Timeline of Greatest Film
Milestones and Turning Points
in Film History


The Year 1906

Timeline of Greatest Film History Milestones and Turning Points
(by decade and year)
Introduction | Pre-1900s | 1900s | 1910s | 1920s | 1930s | 1940s | 1950s
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1900, 1901, 1902, 1903, 1904, 1905, 1906, 1907, 1908, 1909

The Year 1906
Year
Event and Significance
1906
J. Stuart Blackton made the earliest surviving example of an animated film - a 3-minute short or 2D cartoon called Humorous Phases of Funny Faces (1906). It was the first cartoon to use the single frame method, and was projected at 20 frames per second. In the film, a cartoonist's line drawings of two faces were 'animated' (or came to life) on a blackboard. The two faces smiled and winked, and the cigar-smoking man blew smoke in the lady's face; also, a circus clown led a small dog to jump through a hoop.
1906
The world's first true feature-length film at 70 minutes in length, director Charles Tait's Australian film The Story of the Kelly Gang (aka Ned Kelly and His Gang) (1906), premiered in Melbourne, Australia on December 26, 1906. It was the longest narrative drama seen there and in the world. The showing of the film was accompanied by an orchestra, sound effects, and a narrator. When the popular film was screened in England in 1907, it was claimed to be "the longest film ever made." The film told about Australian popular culture icon and folk hero Ned Kelly (portrayed by Canadian actor Frank Mills) from the late 1800s, who was a notorious outlaw (or "bushranger"). Today, only fragments of the film exist.
1906
Chicago's White Front Theater opened - the nickelodeon was future Universal Studios' head Carl Laemmle's first business venture into the film industry. He invested most of his savings in the rental and fix-up of an empty building on Milwaukee Avenue, and painted its facade white, naming it the White Front Theatre. Due to the theatre's instant success, quickly becoming the most popular in the city, Laemmle also opened up a second theatre called "The Family Theatre" and established the Laemmle Film Service - it soon became the largest film distributor in the country.
1906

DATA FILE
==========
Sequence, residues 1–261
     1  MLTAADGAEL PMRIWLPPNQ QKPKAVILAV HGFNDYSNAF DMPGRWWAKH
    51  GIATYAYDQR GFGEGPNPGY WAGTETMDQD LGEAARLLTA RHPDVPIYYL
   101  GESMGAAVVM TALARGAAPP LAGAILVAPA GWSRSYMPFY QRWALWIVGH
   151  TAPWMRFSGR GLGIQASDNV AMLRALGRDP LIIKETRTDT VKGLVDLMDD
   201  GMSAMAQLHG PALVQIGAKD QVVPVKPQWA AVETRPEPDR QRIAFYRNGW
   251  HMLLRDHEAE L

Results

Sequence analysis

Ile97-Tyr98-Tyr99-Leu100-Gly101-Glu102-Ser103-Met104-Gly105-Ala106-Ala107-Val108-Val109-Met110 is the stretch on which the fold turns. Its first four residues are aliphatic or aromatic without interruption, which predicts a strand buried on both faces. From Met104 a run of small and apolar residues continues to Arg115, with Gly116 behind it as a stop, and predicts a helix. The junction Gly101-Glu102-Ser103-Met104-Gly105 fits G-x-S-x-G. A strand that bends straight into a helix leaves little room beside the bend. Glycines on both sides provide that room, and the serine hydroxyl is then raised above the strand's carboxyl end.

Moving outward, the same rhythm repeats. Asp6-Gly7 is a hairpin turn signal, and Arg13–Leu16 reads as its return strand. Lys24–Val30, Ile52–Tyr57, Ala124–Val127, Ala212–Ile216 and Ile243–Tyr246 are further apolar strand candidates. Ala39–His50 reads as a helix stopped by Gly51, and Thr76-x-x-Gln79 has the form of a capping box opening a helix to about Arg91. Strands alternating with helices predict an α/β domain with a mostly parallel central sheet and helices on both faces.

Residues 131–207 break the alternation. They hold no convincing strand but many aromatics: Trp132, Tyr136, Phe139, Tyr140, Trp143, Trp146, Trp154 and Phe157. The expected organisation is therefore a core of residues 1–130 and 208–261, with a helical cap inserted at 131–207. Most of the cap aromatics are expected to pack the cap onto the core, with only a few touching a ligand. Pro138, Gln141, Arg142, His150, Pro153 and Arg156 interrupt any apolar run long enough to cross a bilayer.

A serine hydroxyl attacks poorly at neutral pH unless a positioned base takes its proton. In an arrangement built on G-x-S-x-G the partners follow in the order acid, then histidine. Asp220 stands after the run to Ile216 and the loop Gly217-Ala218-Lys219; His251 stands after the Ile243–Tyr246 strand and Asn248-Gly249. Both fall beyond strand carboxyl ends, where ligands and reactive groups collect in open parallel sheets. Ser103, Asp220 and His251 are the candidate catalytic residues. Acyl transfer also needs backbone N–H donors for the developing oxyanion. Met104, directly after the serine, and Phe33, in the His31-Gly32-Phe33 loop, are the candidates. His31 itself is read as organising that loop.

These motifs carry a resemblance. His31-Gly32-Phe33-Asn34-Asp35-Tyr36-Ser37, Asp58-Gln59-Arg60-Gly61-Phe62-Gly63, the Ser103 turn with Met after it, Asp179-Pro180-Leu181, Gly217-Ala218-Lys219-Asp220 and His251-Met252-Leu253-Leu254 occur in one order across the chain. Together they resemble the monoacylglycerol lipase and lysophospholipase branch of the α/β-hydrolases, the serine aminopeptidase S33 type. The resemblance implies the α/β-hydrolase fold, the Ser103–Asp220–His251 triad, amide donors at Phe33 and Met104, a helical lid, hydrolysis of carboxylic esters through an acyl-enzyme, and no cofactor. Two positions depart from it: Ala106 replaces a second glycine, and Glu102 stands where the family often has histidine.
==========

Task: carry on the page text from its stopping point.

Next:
Vitagraph (or American Vitagraph) Studios opened the first modern film studio in the US, built in 1906, in Brooklyn, NY, and for a short time, it was considered "the movie capital" of the world.
1906
Edwin S. Porter directed the amusing fantasy film Dream of a Rarebit Fiend (1906), using trick photography. [The name was based on a Winsor McCay newspaper comic strip - McCay served as the film's writer.] It was the Edison Manufacturing Company's most popular film of the year.
1906
Biograph's dramatic short The Paymaster (1906) was noted for its creative use of available light, due to innovative filming by cinematographer G.W. "Billy" Bitzer. [Bitzer, later considered the greatest cinematographer of his time, would eventually shoot all of director D.W. Griffith's most important works.] The characters in a New England village were a heroine mill-girl, her love-interest - the mill's young paymaster, and the dastardly swindling villain who was superintendent of the mill.
1906
Pioneering motion-picture mass marketer Siegmund Lubin, a Polish immigrant, was expanding his chain of theaters, with film exchanges in Philadelphia, Cincinnati, and Norfolk. He was one of the first movie producers to control a film's production, distribution, and exhibition in a vertically-integrated business model.
1906-1908
About 5,000 nickelodeons existed throughout the United States. Many studios were created to keep up with the increased demand for films. In 1907, The Saturday Evening Post reported that daily attendance at nickelodeons exceeded two million. In 1907, the Chicago Daily Tribune denounced nickelodeons as firetraps and tawdry corrupters of children. Nickelodeons spread and numbered between 8,000 to 10,000 by 1908 with 200,000 customers a day, charging five cents for a movie accompanied by a piano.


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